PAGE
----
Since I train at home, I have a bit more liberty in how I go about training, and have utilized the following approaches to cram as much as I can into my training in as little time as possible.  The key here is that nothing is too rigid or structured: we approach training with a basic idea, but the execution is less relevant than simply meeting the goals.

-Alternating movements/supersets:

I am a big fan in alternating between my “get stronger” and “get bigger/healthier” movements when I train, especially if I’m working opposite muscle groups in doing so.  I find it helps to speed up my recovery and keep blood flowing while I train, and also helps me squeeze in more training in a shorter amount of time.  Band pull aparts work incredibly well here, throwing them in between sets of just about everything on upperbody days, but I also like doing this with heavier back movements (lat pulldown, rows, chins, etc).

 

Ideally, you do want to use a movement that isn’t going to interfere with the recovery of your larger movements.  Supersetting bench press with band pushdowns may prove ineffective, whereas bicep curls shouldn’t have too negative of an impact.  You can either perform the movements immediately following each other or rest a little in between each.  The key is to not get stuck in the mindset of “now I am training strength and later I am training size”, but instead realize that the goal is to hit all the movements at some point in the workout.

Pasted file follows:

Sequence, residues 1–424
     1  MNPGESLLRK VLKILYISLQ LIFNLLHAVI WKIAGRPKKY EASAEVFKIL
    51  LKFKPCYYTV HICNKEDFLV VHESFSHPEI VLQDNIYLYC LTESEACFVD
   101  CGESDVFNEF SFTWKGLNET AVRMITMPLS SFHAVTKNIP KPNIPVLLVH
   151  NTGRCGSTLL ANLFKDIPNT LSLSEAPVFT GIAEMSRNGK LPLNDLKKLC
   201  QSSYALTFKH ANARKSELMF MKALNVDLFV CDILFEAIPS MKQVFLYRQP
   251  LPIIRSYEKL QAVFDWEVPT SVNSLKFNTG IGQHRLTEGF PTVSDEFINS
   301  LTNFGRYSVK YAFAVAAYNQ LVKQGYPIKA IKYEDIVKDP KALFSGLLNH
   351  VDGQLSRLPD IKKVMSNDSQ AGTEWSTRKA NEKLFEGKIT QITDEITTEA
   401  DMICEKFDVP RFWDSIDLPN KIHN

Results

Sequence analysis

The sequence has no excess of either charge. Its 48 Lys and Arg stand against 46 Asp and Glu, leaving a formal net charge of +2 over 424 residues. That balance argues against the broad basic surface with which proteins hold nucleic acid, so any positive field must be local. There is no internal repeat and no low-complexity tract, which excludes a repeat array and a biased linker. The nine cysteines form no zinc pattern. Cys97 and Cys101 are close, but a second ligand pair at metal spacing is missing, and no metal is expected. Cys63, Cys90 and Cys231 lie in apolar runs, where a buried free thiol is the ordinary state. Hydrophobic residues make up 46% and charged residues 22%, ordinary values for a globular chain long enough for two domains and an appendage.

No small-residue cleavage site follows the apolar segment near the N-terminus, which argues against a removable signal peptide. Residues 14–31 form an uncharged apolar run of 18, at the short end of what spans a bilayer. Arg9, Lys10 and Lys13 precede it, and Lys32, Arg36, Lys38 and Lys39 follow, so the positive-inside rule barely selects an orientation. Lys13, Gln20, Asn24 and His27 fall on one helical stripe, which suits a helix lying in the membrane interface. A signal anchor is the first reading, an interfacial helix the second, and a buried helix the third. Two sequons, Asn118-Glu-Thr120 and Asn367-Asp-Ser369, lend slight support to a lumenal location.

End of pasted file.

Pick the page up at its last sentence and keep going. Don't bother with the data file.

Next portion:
-Giant sets

 

Giant sets are similar to supersets, we’re just throwing in a greater number of movements.  This is an effective way to include a lot of “get bigger” work in the program, or to combine the “get stronger” “get bigger” and “get healthier” portions all in one.  An example would be if we were doing dumbbell benching to get stronger, we could follow the set with some chin ups and then follow the chin ups with some band pull aparts.  You can rest between movements or follow one immediately after the other, resting at the end of the giant set.  Once again, this is just about squeezing in more work in less time.    

 

-Volume/fatigue accumulation